MLB Commissioner, Rob Manfred, was known to be looking at pace of play initiatives in order to speed up games. What nobody knew was how far he’d go and whether or not the players would be in agreement with the changes made.
Well, now we know what the first set of changes are, and we know the players were consulted but did not agree to any of the changes MLB has decided to implement.
Here’s a link to the Tweet distributed by MLB,
— MLB (@MLB) February 19, 2018
But for a more comprehensive look through what it means we recommend what Steve Adams posted on MLBTR, “MLB Announces 2018 Pace of Play Initiatives” .
Here’s the rundown of what changes are being made:
- Limited now 6 non-pitching-change mound visits per game (1 per 1.5 innings on average)
- Non-pitching-change mound visit definition: “a manager or coach trip to the mount to meet with the pitcher” and “a player leaving his position to confer with the pitcher, including a pitcher leaving the mound to confer with another player … regardless of where the visit occurs or the length of the visit.”
- Extra Innings: teams get 1 more non-pitching-change mound visit per inning
- Appeal: If all 6 game visits have been used, catcher can appeal to umpire
- Time between innings changed to following:
- 2:05 during local TV coverage games (regular season)
- 2:25 during nationally televised games (regular season)
- 2:55 for any tiebreaker or post-season games
- Instant Replay:
- Teams now get “direct slow motion camera angles” and phone lines “connecting the video review rooms and the dugout”
On the changes, Rob Manfred noted the following,
“I am pleased that we were able to reach an understanding with the Players Association to take concrete steps to address pace of play with the cooperation of players,” said Rob Manfred in announcing the changes. “My strong preference is to continue to have ongoing dialogue with players on this topic to find mutually acceptable solutions.”
So you may ask yourself, how does this change anything for the chances of MLB expanding in the near future?
MLB Pace of Play: Commissioner Acts on Changes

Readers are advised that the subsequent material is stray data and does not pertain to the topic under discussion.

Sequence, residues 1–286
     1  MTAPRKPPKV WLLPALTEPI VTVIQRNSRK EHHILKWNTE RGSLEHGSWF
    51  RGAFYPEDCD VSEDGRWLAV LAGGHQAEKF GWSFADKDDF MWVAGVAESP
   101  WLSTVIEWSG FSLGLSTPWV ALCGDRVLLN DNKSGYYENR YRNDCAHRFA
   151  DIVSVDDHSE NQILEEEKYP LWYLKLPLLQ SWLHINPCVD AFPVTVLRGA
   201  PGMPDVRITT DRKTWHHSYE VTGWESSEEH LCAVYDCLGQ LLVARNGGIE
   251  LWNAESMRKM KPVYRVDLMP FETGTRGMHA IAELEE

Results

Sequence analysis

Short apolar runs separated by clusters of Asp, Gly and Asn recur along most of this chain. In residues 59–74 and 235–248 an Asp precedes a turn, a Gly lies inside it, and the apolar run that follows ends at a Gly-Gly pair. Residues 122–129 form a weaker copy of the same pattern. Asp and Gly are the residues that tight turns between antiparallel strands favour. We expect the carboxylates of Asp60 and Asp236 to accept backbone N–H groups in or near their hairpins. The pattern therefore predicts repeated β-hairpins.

The notable point here is that the Commissioner is willing – and able – to act on changes regardless of what the perception is overall. Many in the media, and players overall, were not pushing for these changes to take place. Yet, Rob Manfred took the initiative on and made change happen.
Could the same be true when it comes to expansion?
Here’s a Commissioner that told everyone that changes were coming to pace of play, and he followed through on those changes. And not only did he follow through, he also heeded some advice from the players who showed a strong resistance to the pitch clock idea.
Instead of forcing the pitch clock idea, he decided to wait a year and see how things wind up.
The point being that a history of following through with statements made brings us to expansion, on which Rob Manfred stated this,
— Deadspin (@Deadspin) May 6, 2016
If he is as accountable to MLB expansion as he is to pace of play initiatives, there’s a good chance that expansion will occur. And if his personal “frontrunners” can come through as he expects with extremely strong bids, it’s a good bet that they’ll get the franchises they covet.
It doesn’t guarantee anyone anything, but it does show a good track record, and it’s an encouraging sign we can hold up as hope the Montreal Expos will return.
– Mat Germain, baseball writer for Expos Reloaded and SB Nation’s DRaysBay, with more than 10 years covering the Toronto Blue Jays (Jays Journal) and Tampa Bay Rays. Still serving in the Canadian Armed Forces as a Reservist and Operations Officer for 413 Search and Rescue Squadron in Greenwood, Nova Scotia. Follow Mat on Twitter @MatGermain76.